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Trend 2: Content is the interface

Content has long been heralded as king, but its reign hadn’t really begun until now. No longer trapped by traditional interfaces with buttons and sliders, today digital designers can leverage content itself as a way for users to engage.

 

Falter/Inferno

Falter/Inferno takes viewers on a journey through eight levels of hell. While the site is relatively simple — linear scroll with looping images — the storytelling is captivating and the visuals are so rich they’re practically addictive. This won a gold Lion in Video/Moving Image, Overall Aesthetic, and Digital Illustration. You may enjoy watching the short “making of” film, too.

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In Space We Trust

In Space We Trust makes excellent use of color, sound, type, and imagery to tell a compelling story about pioneering events in the history of space travel. Like Falter/Inferno, it too has a very simple linear scroll. On mobile they used touch and hold to drive the scroll action, which makes it feel effortless. This won a silver Lion for Overall Aesthetic.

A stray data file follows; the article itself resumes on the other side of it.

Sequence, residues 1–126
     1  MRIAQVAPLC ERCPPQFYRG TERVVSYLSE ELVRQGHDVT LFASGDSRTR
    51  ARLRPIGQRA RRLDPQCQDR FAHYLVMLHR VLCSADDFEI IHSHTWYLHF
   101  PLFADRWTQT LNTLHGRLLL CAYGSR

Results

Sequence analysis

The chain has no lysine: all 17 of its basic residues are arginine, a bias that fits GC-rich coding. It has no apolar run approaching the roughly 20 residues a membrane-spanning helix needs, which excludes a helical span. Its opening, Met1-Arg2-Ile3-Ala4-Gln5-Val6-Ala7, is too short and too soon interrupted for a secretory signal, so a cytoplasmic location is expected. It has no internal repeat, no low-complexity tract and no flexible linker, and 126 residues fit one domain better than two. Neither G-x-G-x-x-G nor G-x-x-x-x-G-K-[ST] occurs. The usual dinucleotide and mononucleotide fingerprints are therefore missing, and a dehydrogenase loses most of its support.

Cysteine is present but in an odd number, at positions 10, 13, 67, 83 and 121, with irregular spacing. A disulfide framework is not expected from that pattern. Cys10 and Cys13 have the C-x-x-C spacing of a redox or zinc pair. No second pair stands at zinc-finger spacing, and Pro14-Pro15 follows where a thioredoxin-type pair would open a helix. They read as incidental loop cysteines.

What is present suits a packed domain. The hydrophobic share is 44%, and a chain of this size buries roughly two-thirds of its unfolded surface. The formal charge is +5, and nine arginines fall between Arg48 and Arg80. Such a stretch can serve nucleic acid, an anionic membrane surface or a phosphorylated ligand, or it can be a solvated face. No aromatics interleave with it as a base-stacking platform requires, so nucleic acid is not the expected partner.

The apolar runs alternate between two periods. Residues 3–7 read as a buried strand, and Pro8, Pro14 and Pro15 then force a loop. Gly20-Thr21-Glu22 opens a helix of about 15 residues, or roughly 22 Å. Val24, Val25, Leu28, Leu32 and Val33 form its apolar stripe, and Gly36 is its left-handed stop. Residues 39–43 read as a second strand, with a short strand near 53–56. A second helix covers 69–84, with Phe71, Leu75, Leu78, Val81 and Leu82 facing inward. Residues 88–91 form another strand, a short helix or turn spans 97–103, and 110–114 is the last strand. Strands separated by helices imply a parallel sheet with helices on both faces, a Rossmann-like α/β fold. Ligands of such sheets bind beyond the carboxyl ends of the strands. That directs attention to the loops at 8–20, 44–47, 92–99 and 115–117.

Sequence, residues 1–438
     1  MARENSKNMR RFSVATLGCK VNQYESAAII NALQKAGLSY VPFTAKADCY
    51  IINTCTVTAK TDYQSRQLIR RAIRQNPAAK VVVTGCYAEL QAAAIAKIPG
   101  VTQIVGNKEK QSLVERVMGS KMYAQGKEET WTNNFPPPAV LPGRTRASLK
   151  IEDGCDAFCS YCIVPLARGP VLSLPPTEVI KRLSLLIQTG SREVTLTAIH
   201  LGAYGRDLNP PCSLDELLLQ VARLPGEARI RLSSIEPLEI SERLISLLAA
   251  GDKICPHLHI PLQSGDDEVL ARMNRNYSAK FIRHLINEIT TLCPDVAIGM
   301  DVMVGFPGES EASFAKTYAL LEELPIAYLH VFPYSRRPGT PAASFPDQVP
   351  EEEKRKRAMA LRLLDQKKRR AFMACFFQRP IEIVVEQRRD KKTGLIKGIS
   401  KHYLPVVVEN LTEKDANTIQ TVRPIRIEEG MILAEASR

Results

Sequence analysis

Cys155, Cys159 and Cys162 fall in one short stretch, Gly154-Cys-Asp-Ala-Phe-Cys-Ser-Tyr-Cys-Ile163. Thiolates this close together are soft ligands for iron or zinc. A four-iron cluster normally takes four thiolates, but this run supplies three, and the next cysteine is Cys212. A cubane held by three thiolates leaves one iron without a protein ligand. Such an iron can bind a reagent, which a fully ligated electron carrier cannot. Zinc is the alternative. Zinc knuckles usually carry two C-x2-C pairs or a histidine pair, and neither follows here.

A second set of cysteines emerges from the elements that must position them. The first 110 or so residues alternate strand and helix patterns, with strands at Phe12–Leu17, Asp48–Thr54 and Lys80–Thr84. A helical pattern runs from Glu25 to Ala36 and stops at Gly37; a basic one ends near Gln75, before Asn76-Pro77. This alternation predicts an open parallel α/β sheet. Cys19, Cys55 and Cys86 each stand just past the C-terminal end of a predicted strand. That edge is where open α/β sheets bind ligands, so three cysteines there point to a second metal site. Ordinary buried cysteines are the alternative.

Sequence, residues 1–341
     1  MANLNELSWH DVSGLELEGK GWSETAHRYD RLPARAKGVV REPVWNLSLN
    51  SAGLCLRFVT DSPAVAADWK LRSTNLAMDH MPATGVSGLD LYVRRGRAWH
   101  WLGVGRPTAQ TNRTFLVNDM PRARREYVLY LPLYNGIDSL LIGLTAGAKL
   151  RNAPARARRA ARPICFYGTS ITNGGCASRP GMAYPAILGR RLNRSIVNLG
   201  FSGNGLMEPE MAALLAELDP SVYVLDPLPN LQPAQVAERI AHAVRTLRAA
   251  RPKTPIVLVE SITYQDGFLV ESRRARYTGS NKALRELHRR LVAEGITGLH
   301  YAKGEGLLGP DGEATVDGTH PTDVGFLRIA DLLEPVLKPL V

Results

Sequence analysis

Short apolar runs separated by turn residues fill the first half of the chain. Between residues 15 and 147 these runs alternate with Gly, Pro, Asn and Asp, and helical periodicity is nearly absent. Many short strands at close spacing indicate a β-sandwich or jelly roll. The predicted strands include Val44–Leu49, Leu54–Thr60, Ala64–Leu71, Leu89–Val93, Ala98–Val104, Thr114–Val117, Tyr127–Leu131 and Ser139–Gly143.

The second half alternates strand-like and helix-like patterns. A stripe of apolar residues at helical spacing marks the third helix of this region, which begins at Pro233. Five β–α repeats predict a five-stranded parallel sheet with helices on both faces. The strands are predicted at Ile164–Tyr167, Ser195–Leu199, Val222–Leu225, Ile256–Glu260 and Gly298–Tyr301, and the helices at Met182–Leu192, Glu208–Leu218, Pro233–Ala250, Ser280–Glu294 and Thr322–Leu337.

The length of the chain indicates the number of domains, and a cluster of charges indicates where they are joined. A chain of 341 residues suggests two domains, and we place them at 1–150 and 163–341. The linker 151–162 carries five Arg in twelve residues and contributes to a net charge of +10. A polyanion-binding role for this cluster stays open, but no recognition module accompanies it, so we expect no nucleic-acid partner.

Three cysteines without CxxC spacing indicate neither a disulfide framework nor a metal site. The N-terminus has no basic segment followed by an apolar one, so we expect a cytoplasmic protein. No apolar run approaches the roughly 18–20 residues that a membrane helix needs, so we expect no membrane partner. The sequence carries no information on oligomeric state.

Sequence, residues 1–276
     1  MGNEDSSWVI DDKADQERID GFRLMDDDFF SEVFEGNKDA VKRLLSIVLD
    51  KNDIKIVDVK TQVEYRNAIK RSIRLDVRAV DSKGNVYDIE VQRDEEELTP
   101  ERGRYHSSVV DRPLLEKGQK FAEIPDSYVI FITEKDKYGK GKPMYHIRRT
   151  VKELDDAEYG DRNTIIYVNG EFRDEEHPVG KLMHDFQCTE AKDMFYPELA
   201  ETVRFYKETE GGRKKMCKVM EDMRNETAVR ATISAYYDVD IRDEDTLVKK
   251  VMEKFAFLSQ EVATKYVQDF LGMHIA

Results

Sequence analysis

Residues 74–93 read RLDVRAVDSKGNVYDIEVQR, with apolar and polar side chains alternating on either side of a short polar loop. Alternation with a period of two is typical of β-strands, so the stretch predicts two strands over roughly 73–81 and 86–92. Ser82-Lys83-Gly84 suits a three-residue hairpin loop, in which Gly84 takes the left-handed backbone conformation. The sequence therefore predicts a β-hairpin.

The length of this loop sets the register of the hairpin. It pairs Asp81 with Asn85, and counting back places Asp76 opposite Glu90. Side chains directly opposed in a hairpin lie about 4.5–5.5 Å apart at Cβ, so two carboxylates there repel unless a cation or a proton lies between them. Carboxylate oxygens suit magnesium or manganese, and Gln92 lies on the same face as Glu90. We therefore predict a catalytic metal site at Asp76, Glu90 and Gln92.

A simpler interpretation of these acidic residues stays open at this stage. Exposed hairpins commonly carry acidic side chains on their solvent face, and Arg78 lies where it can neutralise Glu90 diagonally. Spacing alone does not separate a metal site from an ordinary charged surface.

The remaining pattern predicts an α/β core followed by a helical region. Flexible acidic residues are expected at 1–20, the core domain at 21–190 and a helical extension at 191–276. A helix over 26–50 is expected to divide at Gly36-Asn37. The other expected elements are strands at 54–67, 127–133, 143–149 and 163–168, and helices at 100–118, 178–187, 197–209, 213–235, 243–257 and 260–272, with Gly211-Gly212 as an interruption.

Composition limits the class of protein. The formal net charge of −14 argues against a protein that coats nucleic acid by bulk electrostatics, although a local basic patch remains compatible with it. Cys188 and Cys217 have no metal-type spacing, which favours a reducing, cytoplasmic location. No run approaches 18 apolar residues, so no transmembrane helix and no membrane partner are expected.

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Chrome Music Lab

Chrome Music Lab is a terrific example of simplicity. With no real user interface other than the objects themselves, the site’s unique openness invites people to play. There are no wrong moves here. Every tap, pull, or push has a positive and apparent result. It won a gold Lion for User Experience Design.

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Because Recollection

Because Recollection celebrates 10 years of indie music with thoughtfully presented content that encourages exploration. Similar to Chrome Music Lab, the content itself is a means for interaction, turning passive viewers/listeners into participants. This won many awards, including Overall Aesthetic, Music/Sound Design, and the biggest of all, the Digital Craft Grand Prix.

 

Trend 3: Breaking the frame

We weren’t surprised to see a lot of virtual reality entries, but we were surprised by the creative and skillful ways the technology is now being used. As a new technology still coming into its own, VR videos often have poor navigation, visible seams, and lack attention to detail. Not so in the following stand-outs. These creators cut no corners to develop limitless videos that transport you to another place.